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This is what's killing Australia's property boom

Nervous buyers, cautious lenders, retreating investors have caused downturn

Sydney

A POTENT combination of nervous buyers, cautious lenders and retreating investors has turned Australia's once booming housing market to dust.

With the downturn now in its second year, the question for home-owners, house-hunters and property investors is how much further there is to go.

Prices in Sydney, the epicentre of the preceding boom, are falling at an annualised pace of about 8 per cent.

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The optimistic view is that with employment still growing, the declines will stay orderly and help return some affordability to a stretched housing market.

The nightmare scenario is that the downturn accelerates, piling further pressure on banks and putting Australia's near-record 27 years of unbroken economic growth at risk.

While the plunge in prices may be welcome news to first-home buyers who feared that they had been priced out of the market, the past two months have seen a marked drop in loans to owner-occupiers, suggesting that people are happy to stay on the sidelines until the market has settled.

It has also got much harder to get a loan. All the major banks have tightened lending criteria and introduced stricter expense verification, lengthening the time that it takes to get approval and reducing the maximum amount that can be borrowed.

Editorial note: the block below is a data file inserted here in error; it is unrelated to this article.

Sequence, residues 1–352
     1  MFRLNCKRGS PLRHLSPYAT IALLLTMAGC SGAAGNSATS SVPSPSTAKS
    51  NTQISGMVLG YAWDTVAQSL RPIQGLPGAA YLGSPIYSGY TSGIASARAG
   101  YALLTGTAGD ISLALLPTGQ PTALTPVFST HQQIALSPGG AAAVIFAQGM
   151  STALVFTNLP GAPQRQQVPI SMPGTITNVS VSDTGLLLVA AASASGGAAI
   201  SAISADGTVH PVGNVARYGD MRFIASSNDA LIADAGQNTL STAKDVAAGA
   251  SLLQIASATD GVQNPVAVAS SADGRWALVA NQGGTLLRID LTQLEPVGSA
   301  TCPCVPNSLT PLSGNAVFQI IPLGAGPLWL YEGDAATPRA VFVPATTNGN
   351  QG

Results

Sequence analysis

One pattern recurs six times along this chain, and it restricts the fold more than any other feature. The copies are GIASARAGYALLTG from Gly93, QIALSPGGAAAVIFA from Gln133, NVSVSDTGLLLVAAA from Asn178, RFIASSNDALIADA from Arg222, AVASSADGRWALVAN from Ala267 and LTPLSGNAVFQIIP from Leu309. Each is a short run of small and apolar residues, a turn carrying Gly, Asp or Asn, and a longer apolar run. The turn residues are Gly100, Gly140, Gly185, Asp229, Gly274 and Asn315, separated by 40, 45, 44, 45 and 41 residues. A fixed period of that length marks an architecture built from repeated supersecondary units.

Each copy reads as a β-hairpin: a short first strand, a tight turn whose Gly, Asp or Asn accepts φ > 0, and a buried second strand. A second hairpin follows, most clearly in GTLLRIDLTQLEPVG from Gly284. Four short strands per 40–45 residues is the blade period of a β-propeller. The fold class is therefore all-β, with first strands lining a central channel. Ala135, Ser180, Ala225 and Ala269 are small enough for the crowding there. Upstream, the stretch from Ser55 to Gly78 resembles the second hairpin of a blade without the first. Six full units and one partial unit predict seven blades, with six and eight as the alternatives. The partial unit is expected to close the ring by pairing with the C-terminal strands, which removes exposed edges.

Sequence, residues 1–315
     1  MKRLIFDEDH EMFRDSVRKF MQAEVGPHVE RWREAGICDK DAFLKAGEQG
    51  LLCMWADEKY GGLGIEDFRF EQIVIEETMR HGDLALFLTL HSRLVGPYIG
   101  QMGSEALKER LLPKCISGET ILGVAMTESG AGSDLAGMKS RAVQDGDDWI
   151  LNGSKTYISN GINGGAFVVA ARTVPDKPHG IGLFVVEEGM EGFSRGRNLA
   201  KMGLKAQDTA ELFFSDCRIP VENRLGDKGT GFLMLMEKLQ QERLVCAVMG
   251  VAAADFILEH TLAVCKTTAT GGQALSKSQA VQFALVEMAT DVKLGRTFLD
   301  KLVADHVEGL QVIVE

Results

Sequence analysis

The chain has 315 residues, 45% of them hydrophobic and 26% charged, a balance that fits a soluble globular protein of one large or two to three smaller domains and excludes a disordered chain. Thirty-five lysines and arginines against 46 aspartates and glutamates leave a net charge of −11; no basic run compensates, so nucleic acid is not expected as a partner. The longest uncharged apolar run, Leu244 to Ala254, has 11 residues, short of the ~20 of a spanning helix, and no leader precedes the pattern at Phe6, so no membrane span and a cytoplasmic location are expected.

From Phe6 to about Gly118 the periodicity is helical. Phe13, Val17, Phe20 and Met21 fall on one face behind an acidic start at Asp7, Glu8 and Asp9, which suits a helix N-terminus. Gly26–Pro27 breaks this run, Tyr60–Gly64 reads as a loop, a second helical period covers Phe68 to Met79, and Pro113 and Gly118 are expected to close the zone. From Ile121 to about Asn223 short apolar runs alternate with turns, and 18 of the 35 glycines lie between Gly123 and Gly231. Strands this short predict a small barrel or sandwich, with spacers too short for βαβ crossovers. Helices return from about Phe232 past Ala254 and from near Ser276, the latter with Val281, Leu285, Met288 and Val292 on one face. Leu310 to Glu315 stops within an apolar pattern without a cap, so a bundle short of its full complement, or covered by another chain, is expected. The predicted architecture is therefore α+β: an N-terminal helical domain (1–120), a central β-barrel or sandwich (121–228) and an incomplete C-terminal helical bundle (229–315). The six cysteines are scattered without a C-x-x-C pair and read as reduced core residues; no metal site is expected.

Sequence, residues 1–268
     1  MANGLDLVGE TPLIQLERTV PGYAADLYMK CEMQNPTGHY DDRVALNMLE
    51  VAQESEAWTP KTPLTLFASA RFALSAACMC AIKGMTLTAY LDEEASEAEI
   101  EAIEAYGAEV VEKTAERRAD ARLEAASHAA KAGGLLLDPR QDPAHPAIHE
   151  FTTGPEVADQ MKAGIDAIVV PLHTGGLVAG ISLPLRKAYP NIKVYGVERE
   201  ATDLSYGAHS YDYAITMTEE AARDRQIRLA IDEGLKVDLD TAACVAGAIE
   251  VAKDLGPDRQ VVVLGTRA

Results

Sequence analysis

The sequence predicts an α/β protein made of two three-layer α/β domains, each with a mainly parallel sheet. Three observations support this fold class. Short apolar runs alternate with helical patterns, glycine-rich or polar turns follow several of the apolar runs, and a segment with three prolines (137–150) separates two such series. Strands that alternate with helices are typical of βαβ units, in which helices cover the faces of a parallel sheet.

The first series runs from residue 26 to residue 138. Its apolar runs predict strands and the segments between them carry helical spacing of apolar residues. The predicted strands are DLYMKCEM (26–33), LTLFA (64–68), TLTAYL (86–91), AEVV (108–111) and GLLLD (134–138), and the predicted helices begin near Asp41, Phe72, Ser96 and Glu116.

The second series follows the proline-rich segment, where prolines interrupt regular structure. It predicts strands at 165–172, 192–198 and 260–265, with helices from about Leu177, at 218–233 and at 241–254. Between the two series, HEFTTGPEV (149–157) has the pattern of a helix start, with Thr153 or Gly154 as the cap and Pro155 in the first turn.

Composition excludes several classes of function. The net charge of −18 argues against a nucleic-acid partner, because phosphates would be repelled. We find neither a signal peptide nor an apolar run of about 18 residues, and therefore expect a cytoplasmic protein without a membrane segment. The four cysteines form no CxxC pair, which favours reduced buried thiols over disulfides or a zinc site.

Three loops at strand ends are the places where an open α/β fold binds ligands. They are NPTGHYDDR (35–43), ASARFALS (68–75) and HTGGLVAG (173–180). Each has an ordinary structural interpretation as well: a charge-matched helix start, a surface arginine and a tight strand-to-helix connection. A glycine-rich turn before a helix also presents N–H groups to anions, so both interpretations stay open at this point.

Analysts at UBS Group believe that more credit tightening is almost inevitable, and the outlook for banks has not looked as challenging since at least 2008.

That is coming on top of a steep decrease in investor credit after lenders responded to a regulatory crackdown on risky advances by tightening loan criteria, and property stopped being a one-way bet to riches.

At this rate, the downturn is on track to become the largest peak-to-trough decline in home prices in more than 30 years.

The biggest drop was back in 1982 when Australia, along with most of the developed world, was in the grip of a crippling recession.

UBS said this week that house prices could drop 30 per cent in a "deep recession" scenario.

As prices decline, fear of missing out has turned to fear of paying too much.

Clearance rates at Sydney auctions - a popular way of selling properties in the city - in November plunged to 42 per cent, near levels last seen during the global financial crisis.

At the height of the boom, weekly auction clearance rates regularly topped 75 per cent.

Gone are breathless newspaper reports of houses selling for hundreds of thousands of dollars above the reserve price.

Instead, auctioneers are struggling to get an opening bid. While sellers are starting to lower their price expectations, buyers are adjusting theirs even faster.

With the economy still humming along, the number of forced sellers is low.

However, the stand-off over prices means that houses are now taking an average of almost two weeks longer to sell than at the start of the year.

That is creating a logjam of unsold homes - the number of total listings in Sydney is 19 per cent higher than last year according to CoreLogic - further reducing pressure on buyers to make a quick decision.

Still, the boom was so explosive, prices are only back to where they were a few years ago, meaning that few borrowers are underwater.

With the average house in Sydney still fetching more than A$1 million (S$1 million) and wages stagnating, the city's unwelcome status as the world's second-least affordable housing market is not under serious pressure. BLOOMBERG